Gun Photography 101

Markey has paid me some flattering comments on my gun photography, so I thought I’d share some tips with you that you can use when posting a gun for sale or just showing of your barbeque gat on Instagram.

First of all, you don’t need a fancy camera to take great photos–I used a basic Nikon CoolPix for these—but you do need to know some tricks to get great shots. Proper lighting is the most important thing. You can pick up a tabletop light box with lights for about $100, but those are usually too small for a long gun. You can also easily fashion one from fabric (I’ve used wedding dress material) and a couple of shop lights.

What Scott's light box looks like

You can pick up a tabletop light box with lights for about $100 or you can fashion one using fabric and a couple of shop lights.

If you aren’t going to do a lot of photography, then it’s probably not worth it to set up a little studio. In that case, you can use good natural light by taking photos outside on a bright overcast day. You don’t want to take photos in bright sunlight because you’ll get harsh shadows, and you also don’t want to take photos on dark overcast days because the shots will be too dark and you’ll lose all of the detail.

Gun Photography Lighting Conditions

This is the kind of difference using Zoom can make. The shot on the left was taken without zoom and all of the background is also in focus. Stepping back several feet and zooming in resulted in the photo on the right. Also note the flat light of a bright overcast day.

Depending on what you’re photographing, you may or may not want flash. If taking a close up of a feature on a gun, flash is going to reflect harshly and blow out the shot. On the other hand, if you’re photographing someone shooting on the range where you’re back a few yards, use the flash to fill in all the shadows.

Getting the gun off the ground

If you can lift the gun off the surface, you’ll eliminate shadows and have crisp edges.

I prefer to use a white background because if you use a colored background, it casts a color bias on the gun and makes the gun’s color look off. That can be important if you’re selling an antique gun and want to really show off the bluing. Stainless steel guns also directly reflect the color, so stick with white.

Example of setup and actual professional photo in light box. Notice props.

Use a prop that either blends in or can be hidden.

To really make the gun “pop” and have crisp edges, it’s best to get it up off the surface a little using a prop. If you leave it on the surface, you can get shadows and lose the edges. In the photos here, I used a bent paperclip and a chunk of Styrofoam to lift the gun. Props can be made of anything the right size, height and strength, but try to use something white if using a white backdrop, or something really thin or clear that’s not distracting.

Props to position guns for photos

Props: In photo studios you’ll find props made of everything from Styrofoam and bent paperclips to clear plastic cylinders and old 35mm film canisters.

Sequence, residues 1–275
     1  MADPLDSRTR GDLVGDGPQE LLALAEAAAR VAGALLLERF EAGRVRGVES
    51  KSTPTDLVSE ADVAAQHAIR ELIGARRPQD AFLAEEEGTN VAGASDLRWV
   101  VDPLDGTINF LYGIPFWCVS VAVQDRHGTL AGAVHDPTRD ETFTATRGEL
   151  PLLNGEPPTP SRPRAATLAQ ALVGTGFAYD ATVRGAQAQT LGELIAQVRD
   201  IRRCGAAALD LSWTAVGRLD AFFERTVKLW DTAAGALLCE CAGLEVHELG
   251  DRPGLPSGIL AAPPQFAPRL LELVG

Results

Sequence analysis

If you’re taking close-ups, and we’re talking screw heads here, use the Macro setting on the camera. That’s the setting that looks like a flower. When set on Macro, many cameras have a range where it will focus. Go outside of that range, and you’ll have to back up defeating the purpose. If you still need to get closer and want a great image, get way back and use the zoom. By doing that, you get the subject in focus and the background blurs away.

Use Macro Settings

The Macro setting isn’t for taking pictures of flowers, it’s for taking close ups. Some cameras have a Macro range and you have to stay within that range.

Here’s the take-away—1) flat light, 2) get the gun off the surface, 3) use your Macro or zoom to really nail what you’re trying to show. Happy shooting.

 

Scott Mayer

www.tacticaltshirts.com

www.john1911.com

“Shooting Guns & Having Fun”

 

Scott Mayer

Scott Mayer

Writer at John1911
Mayer began his outdoor industry career in 1993 on the NRA Technical Staff where he became American Rifleman magazine first Shooting Editor. Mayer left NRA and entered the business end of publishing in 2003 as Advertising Account Executive for Safari Club International SAFARI Magazine and Safari Times newspaper. In 2006, Mayer was named Publisher of Shooting Times magazine where he was also tasked with launching and leading Personal Defense TV, the first television show of its kind.

In 2008, Mayer returned to the editorial side of publishing, this time in the digital field, as Editorial Director for Guns & Ammo, Shooting Times, Handguns and Rifleshooter online magazines. After a brief stint in 2011 as the Digital Media Director for an ABC TV affiliate, Mayer returned to the outdoors industry and Safari Club International where he is currently Assistant Publisher and Multi-Media Communications Editor.
Scott Mayer

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